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Is Hapag-Lloyd in shape to bid for HMM?

Photo: HMM HMM Dream.jpg
Hapag-Lloyd has seen its profits fall and a massive decline in its liquidity, but the carrier has been named as one of the possible bidders for the South Korean carrier HMM.

Media reports in South Korea reported that the German line requested an Information Memorandum from Samsung Securities, which is handling the sale of HMM shares, and could have bid for HMM, with the closing date set for offers on 21 August.

The carrier has not confirmed that it entered the bidding process, but it has appointed advisors in Goldman Sachs.

A spokesman for Hapag-Lloyd would not confirm or deny the company’s interest in HMM, telling Seatrade Maritime News, “Hapag-Lloyd is always studying possibilities to further develop and grow our business. In that context we also explore whether investing in other Liner businesses could create an even stronger player in the global shipping industry.”

One analyst put it another way, “HMM is for sale so why wouldn’t they look at it?”

All the major shipping lines have seen very large profits over the past two years, and they are awash with money, he said, adding, “I’m sure that every large carrier has had a look.”

Hapag-Lloyd has a considerable history expansion through M&A acquiring CP Ships, merging UASC into operations, taking over CSAV's liner business, and acquiring NileDutch.

However, belts may be being tightened in the container shipping sector, H1 volumes were down in all trades except Africa, while rate levels have prompted the carrier to maintain its 2023 EBIT forecast at $2.1-$4.3 billion, significantly down from 2022, which saw an EBIT of $19.13 billion.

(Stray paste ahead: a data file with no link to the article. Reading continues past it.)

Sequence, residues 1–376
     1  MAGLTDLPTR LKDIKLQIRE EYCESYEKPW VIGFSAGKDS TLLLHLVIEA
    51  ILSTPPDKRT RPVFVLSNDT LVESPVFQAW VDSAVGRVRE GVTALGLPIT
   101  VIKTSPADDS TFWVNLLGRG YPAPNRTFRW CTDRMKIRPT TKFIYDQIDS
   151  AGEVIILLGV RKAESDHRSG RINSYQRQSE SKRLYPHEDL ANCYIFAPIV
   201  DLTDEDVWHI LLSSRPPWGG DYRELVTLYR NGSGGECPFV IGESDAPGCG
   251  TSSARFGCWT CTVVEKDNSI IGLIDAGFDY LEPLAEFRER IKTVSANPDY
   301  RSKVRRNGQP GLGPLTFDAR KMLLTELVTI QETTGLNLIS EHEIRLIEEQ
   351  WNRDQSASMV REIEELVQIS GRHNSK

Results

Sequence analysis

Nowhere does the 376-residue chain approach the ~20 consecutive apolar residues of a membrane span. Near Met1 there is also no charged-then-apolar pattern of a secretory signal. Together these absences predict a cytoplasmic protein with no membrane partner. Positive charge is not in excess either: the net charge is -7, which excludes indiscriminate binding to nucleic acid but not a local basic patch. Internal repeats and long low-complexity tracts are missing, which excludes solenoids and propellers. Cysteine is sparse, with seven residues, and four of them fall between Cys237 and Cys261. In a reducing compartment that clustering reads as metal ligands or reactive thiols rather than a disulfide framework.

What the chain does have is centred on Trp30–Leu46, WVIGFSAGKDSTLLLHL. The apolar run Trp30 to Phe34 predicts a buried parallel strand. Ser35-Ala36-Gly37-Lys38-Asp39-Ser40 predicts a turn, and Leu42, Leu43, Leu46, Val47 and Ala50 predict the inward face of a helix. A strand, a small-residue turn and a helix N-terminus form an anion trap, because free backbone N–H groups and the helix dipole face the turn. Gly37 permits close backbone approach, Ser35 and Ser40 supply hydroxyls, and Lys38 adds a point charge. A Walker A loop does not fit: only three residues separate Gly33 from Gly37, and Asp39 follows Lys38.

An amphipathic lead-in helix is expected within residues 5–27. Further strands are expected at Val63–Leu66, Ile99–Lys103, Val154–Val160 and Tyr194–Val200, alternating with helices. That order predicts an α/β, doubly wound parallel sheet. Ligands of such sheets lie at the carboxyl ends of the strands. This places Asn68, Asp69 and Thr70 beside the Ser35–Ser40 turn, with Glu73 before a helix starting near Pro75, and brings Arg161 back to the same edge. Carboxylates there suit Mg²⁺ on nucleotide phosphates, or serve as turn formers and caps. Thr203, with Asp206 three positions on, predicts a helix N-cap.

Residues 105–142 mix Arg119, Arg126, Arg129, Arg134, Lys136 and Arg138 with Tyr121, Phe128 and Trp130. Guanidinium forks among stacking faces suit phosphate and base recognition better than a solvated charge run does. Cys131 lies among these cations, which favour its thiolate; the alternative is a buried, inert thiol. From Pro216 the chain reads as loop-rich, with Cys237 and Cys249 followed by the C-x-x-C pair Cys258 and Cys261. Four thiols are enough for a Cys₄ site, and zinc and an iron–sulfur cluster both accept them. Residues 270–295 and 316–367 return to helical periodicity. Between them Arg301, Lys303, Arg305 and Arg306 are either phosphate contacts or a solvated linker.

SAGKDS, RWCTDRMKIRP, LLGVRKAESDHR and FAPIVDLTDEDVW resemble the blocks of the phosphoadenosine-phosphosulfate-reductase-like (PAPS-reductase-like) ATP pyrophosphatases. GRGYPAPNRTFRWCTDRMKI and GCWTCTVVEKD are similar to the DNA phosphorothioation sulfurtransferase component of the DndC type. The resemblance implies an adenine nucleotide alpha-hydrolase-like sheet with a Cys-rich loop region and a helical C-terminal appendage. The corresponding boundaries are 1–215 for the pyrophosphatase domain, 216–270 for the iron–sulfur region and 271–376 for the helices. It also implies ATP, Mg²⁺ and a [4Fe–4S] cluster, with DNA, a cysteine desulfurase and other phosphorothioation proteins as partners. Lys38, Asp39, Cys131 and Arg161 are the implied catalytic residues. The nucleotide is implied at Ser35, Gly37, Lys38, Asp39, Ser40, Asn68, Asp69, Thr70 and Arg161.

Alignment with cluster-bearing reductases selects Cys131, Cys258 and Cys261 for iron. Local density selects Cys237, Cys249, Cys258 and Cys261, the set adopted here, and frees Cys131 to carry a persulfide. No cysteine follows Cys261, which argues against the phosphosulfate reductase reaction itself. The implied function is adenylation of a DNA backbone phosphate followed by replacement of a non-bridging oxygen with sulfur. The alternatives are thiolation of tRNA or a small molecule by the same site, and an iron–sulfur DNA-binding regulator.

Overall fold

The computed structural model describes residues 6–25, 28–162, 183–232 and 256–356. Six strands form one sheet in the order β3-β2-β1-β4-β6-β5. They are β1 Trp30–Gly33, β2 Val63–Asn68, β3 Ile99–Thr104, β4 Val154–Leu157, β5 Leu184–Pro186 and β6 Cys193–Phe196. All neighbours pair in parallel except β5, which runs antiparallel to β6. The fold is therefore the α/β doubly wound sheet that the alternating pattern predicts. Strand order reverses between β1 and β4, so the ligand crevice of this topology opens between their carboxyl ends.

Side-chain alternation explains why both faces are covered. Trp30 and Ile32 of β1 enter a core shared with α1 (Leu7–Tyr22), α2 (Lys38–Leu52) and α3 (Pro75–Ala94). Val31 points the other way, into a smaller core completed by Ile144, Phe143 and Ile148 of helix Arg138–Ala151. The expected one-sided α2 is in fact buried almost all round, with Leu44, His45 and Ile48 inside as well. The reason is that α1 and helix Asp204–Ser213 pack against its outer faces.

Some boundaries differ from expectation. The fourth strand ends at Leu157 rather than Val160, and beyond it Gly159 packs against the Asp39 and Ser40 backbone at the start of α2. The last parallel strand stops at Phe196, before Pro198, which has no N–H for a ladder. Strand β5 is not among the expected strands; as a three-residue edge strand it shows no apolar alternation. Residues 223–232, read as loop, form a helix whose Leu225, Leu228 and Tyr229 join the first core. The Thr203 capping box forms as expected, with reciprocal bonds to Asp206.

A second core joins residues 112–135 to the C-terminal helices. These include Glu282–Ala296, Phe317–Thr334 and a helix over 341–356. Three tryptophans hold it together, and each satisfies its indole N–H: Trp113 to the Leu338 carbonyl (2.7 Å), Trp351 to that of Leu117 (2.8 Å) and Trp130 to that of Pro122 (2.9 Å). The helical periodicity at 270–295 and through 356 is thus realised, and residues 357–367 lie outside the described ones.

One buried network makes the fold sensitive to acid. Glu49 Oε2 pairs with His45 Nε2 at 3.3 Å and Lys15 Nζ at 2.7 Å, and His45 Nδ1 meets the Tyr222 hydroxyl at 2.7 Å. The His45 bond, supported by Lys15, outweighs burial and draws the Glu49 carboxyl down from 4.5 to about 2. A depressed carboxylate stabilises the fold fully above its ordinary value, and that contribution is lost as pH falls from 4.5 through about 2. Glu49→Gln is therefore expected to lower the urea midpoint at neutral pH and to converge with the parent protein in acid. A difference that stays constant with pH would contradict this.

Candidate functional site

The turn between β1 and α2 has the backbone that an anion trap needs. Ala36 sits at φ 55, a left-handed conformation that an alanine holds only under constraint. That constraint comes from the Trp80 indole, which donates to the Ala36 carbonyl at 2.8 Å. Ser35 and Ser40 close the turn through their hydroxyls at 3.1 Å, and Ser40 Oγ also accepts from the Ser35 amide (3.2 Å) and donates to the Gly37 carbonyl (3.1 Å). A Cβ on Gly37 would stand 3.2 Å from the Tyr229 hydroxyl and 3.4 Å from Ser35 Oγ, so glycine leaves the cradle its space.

Moreover, Hapag’s five major shareholders, CSAV, Klaus Michael Kuhne, investment company HGV, Qatar Investment Authority and the Saudi’s Public Investment Fund, enjoyed a bumper payout in dividends at the close of 2022.

According to Alphaliner data liquidity in the carrier fell dramatically from €12.6 billion at the end of last year, to €3.6 billion on 30 June 2023.

In order for Hapag-Lloyd to buy it’s THE Alliance partner in HMM it seems the cash is available, if its forecasting goes to plan.

Seoul’s financial institutions, the Korea Development Bank (KDB) and Korea Ocean Business Corp (KOBC) hold a combined 40.65% of shares valued at $746 million as well as $2 billionn in convertible bonds. Korean media reports the total estimated sale price for the line is $3.74 billion.

Five South Korean companies have registered an interest - Harim Group, Dongwon Group and LX Group, Samra Midas Group, and Global Sae-A. The shortlist is scheduled to be announced by November.

Synergies between the German line and HMM are clear, as both are members of THE Alliance, and Hapag-Lloyd is keen to boost its presence in the major trades on the Pacific and from Asia to Europe, while HMM also has significant foothold on intra-Asian trades.

Fleet expansion would see Hapag-Lloyd add around 1 million teu in capacity to its fleet with 83 ships already operational and a further 265,000 teu on order, according to S&P Global data released in March this year.

Hapag-Lloyd already operates 258 vessels, with a combined capacity of 1.9 million teu and has an orderbook consisting of 362,616 teu according to S&P Global figures.